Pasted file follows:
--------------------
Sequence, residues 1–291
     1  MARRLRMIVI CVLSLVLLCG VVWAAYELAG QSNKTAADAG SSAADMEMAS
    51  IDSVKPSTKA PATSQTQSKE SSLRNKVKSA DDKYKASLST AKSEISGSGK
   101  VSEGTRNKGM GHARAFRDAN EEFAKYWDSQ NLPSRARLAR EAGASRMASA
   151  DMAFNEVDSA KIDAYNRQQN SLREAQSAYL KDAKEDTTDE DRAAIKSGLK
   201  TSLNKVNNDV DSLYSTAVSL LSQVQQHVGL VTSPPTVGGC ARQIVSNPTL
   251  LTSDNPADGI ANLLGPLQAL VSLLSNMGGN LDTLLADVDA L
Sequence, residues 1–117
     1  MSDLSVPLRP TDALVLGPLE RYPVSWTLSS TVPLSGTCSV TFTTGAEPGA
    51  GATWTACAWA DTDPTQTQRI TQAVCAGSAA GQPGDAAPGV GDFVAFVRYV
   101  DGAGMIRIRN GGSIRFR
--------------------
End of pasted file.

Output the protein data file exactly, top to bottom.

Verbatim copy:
Sequence, residues 1–291
     1  MARRLRMIVI CVLSLVLLCG VVWAAYELAG QSNKTAADAG SSAADMEMAS
    51  IDSVKPSTKA PATSQTQSKE SSLRNKVKSA DDKYKASLST AKSEISGSGK
   101  VSEGTRNKGM GHARAFRDAN EEFAKYWDSQ NLPSRARLAR EAGASRMASA
   151  DMAFNEVDSA KIDAYNRQQN SLREAQSAYL KDAKEDTTDE DRAAIKSGLK
   201  TSLNKVNNDV DSLYSTAVSL LSQVQQHVGL VTSPPTVGGC ARQIVSNPTL
   251  LTSDNPADGI ANLLGPLQAL VSLLSNMGGN LDTLLADVDA L
Sequence, residues 1–117
     1  MSDLSVPLRP TDALVLGPLE RYPVSWTLSS TVPLSGTCSV TFTTGAEPGA
    51  GATWTACAWA DTDPTQTQRI TQAVCAGSAA GQPGDAAPGV GDFVAFVRYV
   101  DGAGMIRIRN GGSIRFR